Of course, this observation, if accurate, does not necessarily undermine the validity of the explanations produced by conceptual analysis (the methodology could certainly still yield true accounts of our legal practices), but it does seem to undermine the methodology’s ostensible commitment to moral neutrality. And it is this methodological commitment to moral neutrality that purports to hold explanatory theories derived from conceptual analysis “above the fray,” so to speak, of the more work-a-day explanatory theories that depend upon overtly stated ethical premises. Because of its espoused methodological moral agnosticism, conceptual analysis as a methodology would seem to free the analyst from defending her conclusions on the basis of what the law ought to be doing. Given the difficulty of articulating and defending what the law ought to be doing (a point that I return to below) this proves to be a significant advantage and is one of the reasons, I suspect, that conceptual analysis has become such a popular method of analyzing the law.
Consider for example, two scholars: Able and Bell. Able is a proponent of conceptual analysis. He understands tort law to be committed to a principle of corrective justice. Able believes that the principle of corrective justice better explains more features of tort law than competing accounts. But in making this claim, Able is not committed to defending corrective justice against competing ethical theories (e.g. utilitarianism). Able is not making a statement about what the law should be, she is merely making a statement about what the law is.
Bell, on the other hand believes that tort law should be committed to a principle of corrective justice and (perhaps incidentally) that such a principle is also consistent with existing tort practice. Bell commits himself to an overt ethical framework: the principle of corrective justice as a just organizing principle of a tort regime. Bell must be prepared to defend his moral conclusion against competing conceptions of the good (e.g. those that prefer the ethical framework of utilitarianism). Able, in contrast, need only defend her conclusion in light of competing explanations of existing tort practice. Between the two, Able would seem to have the much easier task.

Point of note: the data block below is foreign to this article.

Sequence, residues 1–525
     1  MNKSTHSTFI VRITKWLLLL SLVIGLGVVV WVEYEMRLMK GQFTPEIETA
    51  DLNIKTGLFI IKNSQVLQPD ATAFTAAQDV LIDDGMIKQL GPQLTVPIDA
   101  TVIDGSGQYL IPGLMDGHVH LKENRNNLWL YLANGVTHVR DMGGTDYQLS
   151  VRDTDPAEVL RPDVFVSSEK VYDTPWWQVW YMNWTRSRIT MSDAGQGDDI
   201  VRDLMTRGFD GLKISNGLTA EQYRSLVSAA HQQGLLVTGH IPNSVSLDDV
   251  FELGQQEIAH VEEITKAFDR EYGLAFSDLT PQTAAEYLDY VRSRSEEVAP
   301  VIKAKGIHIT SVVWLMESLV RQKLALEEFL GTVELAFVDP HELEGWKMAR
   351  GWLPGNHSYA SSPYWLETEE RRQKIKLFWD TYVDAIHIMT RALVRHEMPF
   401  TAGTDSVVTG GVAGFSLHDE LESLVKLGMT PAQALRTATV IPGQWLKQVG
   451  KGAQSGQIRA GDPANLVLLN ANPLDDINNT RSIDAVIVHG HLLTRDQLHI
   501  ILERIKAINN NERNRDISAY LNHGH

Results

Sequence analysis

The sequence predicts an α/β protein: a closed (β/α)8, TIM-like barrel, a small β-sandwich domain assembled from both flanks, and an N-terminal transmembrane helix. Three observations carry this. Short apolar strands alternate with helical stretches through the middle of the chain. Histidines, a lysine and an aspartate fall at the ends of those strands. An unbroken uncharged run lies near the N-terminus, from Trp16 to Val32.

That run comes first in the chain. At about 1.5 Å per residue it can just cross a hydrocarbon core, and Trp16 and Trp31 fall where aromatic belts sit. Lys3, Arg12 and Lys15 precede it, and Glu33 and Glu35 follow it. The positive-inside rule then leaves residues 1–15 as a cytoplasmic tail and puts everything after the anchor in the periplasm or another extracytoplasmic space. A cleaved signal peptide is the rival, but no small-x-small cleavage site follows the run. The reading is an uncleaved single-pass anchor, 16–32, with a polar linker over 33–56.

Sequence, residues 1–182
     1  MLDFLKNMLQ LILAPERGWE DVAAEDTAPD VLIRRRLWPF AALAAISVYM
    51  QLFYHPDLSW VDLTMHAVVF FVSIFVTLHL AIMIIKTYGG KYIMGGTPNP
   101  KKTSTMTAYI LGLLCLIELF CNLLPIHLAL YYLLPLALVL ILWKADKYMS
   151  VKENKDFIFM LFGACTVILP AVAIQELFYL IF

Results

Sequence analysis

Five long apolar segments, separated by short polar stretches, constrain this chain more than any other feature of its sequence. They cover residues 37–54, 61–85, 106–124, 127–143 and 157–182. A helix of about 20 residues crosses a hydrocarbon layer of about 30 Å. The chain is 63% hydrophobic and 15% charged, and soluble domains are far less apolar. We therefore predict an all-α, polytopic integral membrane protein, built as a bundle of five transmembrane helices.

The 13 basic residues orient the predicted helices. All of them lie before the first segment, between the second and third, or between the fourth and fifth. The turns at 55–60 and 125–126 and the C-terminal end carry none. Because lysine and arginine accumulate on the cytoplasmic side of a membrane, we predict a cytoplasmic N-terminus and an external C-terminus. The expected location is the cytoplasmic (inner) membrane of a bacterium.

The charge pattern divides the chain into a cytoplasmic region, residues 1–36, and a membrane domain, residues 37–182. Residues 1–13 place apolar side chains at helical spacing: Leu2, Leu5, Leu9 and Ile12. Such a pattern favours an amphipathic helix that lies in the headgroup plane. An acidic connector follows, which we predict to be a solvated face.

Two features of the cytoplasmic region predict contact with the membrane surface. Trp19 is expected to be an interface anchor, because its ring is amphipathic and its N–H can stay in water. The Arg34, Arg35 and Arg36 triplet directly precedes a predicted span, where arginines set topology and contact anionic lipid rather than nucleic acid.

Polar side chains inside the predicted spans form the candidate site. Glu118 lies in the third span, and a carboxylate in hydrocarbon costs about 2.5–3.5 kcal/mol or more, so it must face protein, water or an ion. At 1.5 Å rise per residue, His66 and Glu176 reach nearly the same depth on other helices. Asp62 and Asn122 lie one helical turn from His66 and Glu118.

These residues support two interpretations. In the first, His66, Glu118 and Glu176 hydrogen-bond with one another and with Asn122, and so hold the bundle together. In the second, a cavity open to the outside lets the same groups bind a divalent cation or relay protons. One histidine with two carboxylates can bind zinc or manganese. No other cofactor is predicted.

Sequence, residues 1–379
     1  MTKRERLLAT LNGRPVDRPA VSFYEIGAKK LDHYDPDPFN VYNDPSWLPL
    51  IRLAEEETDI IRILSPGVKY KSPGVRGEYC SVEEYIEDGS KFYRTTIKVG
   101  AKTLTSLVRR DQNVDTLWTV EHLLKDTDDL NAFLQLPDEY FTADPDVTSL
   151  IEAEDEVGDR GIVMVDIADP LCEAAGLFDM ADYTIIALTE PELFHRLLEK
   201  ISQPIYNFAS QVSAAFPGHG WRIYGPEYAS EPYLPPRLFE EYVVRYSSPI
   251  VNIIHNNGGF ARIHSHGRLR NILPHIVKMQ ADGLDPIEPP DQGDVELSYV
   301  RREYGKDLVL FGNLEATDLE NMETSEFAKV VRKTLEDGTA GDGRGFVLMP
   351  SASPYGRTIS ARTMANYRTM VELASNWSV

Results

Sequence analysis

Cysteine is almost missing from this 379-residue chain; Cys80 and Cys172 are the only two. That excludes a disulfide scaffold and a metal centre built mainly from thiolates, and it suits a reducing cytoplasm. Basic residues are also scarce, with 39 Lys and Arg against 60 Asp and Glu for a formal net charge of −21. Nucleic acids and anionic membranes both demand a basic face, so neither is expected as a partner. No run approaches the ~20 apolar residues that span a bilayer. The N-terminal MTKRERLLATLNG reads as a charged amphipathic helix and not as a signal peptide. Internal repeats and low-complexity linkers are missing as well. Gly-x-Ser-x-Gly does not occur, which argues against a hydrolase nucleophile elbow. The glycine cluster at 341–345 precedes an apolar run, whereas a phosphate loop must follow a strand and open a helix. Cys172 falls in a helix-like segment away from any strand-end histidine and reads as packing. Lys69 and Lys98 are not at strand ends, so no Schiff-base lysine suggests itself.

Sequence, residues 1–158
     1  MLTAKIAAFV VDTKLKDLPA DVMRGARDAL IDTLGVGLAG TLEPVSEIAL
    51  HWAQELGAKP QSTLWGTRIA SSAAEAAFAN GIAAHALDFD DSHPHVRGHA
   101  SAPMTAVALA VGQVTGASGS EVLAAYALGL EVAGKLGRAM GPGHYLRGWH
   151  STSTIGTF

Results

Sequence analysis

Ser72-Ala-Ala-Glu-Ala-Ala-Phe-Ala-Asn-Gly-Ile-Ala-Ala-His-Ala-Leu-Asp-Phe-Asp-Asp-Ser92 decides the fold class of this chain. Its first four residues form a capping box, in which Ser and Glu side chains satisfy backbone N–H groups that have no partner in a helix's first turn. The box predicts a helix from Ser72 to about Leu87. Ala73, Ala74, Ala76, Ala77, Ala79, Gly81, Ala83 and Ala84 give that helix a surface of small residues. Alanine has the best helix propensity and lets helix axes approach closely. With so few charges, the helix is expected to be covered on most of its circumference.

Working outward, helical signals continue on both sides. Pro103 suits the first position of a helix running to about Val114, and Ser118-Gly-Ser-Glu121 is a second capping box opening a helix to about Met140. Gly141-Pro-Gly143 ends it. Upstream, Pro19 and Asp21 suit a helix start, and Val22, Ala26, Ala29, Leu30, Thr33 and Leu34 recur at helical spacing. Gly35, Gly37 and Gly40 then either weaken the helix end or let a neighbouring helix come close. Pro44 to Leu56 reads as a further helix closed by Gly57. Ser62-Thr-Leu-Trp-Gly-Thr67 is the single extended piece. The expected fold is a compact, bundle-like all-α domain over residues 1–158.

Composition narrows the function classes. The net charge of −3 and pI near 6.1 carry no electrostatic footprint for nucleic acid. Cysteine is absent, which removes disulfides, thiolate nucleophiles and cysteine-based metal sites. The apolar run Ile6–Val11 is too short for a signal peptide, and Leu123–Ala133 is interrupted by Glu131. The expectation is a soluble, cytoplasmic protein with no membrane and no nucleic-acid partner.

Part of the reason that Able’s task seems so much easier is that she is able to select an uncontroversial framework for evaluating her success (those scholarly norms that were mentioned earlier) and she is able to deal with a controlled set of relevant variables or data by particular cases or pieces of legislation. Bell, on the other hand, cannot point to an uncontroversial framework for evaluating his success: we lack a meta-ethical means of resolving inter-ethical conflicts between competing moral theories. Moreover, there are substantially more variables at play within Bell’s task. Any fact or factor that is relevant to justice as it relates to tort practice becomes relevant to Bell’s project. The sheer number of relevant variables makes the task of defending Bell’s proposition seem Sisyphean. In this light, the prospect of definitively defending Bell’s proposition appears illusionary. Ultimately, Bell’s proposition may be permanently consigned to a state of perpetual uncertainty, perhaps winning adherents who are persuaded by the strength of his arguments, but also lacking a satisfying answer to detractors who either embrace another ethical theory or embrace another vision of what Bell’s ethical theory calls for in this particular instance.
In other words, what Robin is asking us to do – i.e. constructing a normative jurisprudence – is hard. It is a much more difficult undertaking than the more manageable project of defending our explanations by the lights of accepted scholarly norms. Indeed, the project of articulating and defending a set of moral criteria and its application to a concrete legal problem is so sufficiently daunting that it is safe to assume that at least some of the forbearance that progressives exhibit about normative jurisprudence is attributable to the worry that normative jurisprudence cannot be done – or at least cannot be done in an analytically rigorous way (or in a way that currently “counts” as legal scholarship, as Marc Spindelman noted earlier this week).